The biotic factors in an ocean ecosystem are all of the marine animals and plants such as: dolphins, fish, stingrays, starfish, phytoplankton, and coral.
Abiotic factors are non-living things, like: minerals, chemicals, gases, rocks, and water.
Carrying capacity is the number or quantity of people or things that can be conveyed or held by a vehicle or container. Resources that are needed for a population to survive are food, water, shelter, and space.
The reason a population changes over time is because of the availability of resources that are needed to survive. Only a small handful of dolphins are able to thrive in freshwater regions. Although they prefer warmer locations, they usually go down in the colder areas due for a desperate need of food. However, they are very smart creatures and have the intelligence to modify their habitat when possible for survival.
A limiting factor is the environmental factor that is of predominant importance in restricting the size of a population. The factors that limit the size and distribution of starfish are temperatures exceeding over 25 degrees celsius in the summer and salinities less than 14 per mille in the winter. Rate of growth varies with the kind and abundance of food and inversely with the size of starfish.
A predator/ prey relationship in the ocean is between a shark and a sea lion. Sharks typically eat smaller, weaker, sicker, or older animals. Limiting factors affect sharks because of the temperature which is very common among other organisms in the ocean. Availability of suitable prey will also impact population growth rates. Finally, harvesting by humans is having a major impact on many sharks and allies. Limiting factors that affect a sea lion are entanglement in debris, environmental contaminants, predation by killer whales and disease, and fluctuating prey populations.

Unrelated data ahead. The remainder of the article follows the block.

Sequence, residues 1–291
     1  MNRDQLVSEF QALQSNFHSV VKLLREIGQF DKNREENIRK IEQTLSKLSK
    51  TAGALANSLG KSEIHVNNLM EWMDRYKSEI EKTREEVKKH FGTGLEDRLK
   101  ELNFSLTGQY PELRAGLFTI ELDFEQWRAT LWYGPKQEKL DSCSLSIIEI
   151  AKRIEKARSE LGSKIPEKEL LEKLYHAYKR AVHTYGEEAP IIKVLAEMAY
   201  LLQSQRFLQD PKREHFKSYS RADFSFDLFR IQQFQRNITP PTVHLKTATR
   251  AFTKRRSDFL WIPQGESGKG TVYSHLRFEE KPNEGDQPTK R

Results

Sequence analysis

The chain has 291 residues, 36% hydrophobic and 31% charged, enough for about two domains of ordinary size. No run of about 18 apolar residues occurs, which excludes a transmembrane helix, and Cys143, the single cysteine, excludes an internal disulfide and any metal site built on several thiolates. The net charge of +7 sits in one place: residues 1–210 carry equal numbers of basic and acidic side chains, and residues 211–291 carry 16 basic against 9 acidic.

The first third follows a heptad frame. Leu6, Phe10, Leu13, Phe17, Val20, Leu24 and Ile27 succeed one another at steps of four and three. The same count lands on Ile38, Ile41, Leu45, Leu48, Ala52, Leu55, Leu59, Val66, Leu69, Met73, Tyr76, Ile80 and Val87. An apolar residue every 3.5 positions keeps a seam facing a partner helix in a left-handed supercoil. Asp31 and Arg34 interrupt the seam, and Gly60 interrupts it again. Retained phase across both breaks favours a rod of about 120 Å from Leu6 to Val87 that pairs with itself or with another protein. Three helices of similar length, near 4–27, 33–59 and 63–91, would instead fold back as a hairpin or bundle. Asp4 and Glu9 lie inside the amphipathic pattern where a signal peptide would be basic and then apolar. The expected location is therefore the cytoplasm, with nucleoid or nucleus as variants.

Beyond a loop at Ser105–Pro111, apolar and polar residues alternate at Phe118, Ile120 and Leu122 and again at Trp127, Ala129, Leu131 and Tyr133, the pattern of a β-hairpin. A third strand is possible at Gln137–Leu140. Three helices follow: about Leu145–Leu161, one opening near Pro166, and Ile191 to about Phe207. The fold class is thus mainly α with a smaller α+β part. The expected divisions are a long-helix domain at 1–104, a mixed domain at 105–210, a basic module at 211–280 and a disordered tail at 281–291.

An energy role is the quantitative measure of the production or consumption of energy by any organism. A producer is an organism, either a green plant or bacterium, which is part of the first level of a food chain. An example of a producer is algae.
A herbivore is often defined as any organism that only eats plants. A herbivore in the ocean is a green sea turtle.
An omnivore is an animal that eats food of both plant and animal origin. An example of an omnivore is a lobster.
A carnivore is an animal that feeds on other animals. An example of one is a killer whale.
A decomposer is an organism, especially a soil bacterium, fungus, or invertebrate, that decomposes organic material. A common decomposer is an earthworm.
A scavenger is an animal that feeds on carrion, dead plant material, or refuse. An example of a scavenger are young marine eels.
As each energy role passes on to another organism, the producer starts by making its own food then an herbivore comes along and eats that plant. If there is plant material that they left behind, then decomposers break that down to soil. After that, an omnivore or carnivore eats the herbivore. If there is any dead animal that the carnivore or omnivore doesn't eat, a scavenger eats it. Each time a consumer eats something, the organism that they ate passes on 10% of energy to the consumer.
Food Chains & Food Webs
Food webs are more realistic than food chains because everything is intertwined to create a balance in nature. Food webs are intertwined because each organism eats more than one specific plant or animal. If one organism was taken out of the food web, it would affect the balance in nature.
A pyramid is more efficient rather than a cylinder or square because it shows the levels of energy transfer from top to bottom. It also gives you a less confusing idea of producers, herbivores, carnivores, omnivores, and top predator. The reason behind producers are at the very bottom and the top predator is at the very top is to show that each time you move up a trophic level, it gives less and less energy as you get closer to the top.